The plant is medicinal (blood purifying and a number of other things) and should not be eaten in excess. Pregnant women, not at all.

One response so far

May 14 2008

Looking for a High School?

Published by under General

When I was away now for 2 weeks I was teaching at a local high school (Fyresdal Videreg√•ande Steinerskole). This isn’t the regular type of high school, but one that specializes in teaching sustainable crafts and biodynamic farming. However, it is still possible to also do the curriculum required to qualify for subsequent studies at university or college.

Details about the school:

  • It’s a large farm/ranch owned by a foundation. They have sheep, cattle, swine etc… And quite extensive vegetable gardens. All ecological and run on biodynamical principles.
  • The school is a Rudolf Steiner School.
  • The location is quite remote and located in the sparcely populated muncipality of Fyresdal. Remember, you can walk around wherever you want in Norway. Trespassing isn’t an issue. That gives you plenty of opportunity for outdoors life.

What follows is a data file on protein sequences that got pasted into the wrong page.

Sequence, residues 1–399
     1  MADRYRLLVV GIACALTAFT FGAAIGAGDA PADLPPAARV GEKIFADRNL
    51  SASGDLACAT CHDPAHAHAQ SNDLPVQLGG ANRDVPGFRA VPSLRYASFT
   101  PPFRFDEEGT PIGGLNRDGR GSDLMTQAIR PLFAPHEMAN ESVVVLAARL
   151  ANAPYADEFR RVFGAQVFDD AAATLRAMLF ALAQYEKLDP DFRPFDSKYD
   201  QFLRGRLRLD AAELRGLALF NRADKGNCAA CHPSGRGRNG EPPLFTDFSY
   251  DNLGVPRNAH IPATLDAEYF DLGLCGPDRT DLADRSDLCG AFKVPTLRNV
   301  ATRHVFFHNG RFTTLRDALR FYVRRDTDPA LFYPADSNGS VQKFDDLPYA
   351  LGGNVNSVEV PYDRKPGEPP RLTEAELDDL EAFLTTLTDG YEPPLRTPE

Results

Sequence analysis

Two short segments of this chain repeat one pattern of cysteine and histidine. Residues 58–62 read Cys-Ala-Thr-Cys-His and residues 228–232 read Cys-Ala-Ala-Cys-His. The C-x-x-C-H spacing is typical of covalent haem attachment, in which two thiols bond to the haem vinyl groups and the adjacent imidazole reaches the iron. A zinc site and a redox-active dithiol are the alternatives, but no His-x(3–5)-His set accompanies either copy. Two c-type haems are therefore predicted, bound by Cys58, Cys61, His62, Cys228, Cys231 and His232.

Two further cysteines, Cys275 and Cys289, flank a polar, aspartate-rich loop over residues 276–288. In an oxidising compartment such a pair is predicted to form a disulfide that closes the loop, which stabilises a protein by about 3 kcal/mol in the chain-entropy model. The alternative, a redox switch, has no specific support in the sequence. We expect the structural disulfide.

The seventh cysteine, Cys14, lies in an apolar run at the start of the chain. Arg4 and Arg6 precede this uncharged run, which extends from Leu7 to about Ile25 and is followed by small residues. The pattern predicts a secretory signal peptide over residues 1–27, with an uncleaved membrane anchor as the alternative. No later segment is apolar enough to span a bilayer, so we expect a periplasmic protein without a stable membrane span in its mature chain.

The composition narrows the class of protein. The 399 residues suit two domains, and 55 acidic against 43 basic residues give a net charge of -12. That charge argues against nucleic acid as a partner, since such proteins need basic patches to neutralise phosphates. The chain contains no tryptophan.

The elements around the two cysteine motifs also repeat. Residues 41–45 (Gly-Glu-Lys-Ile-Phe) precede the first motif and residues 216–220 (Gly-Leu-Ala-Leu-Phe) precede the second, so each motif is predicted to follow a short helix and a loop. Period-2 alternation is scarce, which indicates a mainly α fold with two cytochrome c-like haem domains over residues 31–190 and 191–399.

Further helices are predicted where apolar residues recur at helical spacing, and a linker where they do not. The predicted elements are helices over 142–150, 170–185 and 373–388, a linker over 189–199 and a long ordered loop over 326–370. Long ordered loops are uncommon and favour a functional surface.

• There are two directions you can take to achieve a proffession at this school: ecological agriculture (+ forestry, crafts etc.) and ecological construction.
  • As a student at this school you are allowed to hunt, trap and fish for free on several thousand acres of land. In regards to hunting and trapping you still need to pass the government issued test before you qualify.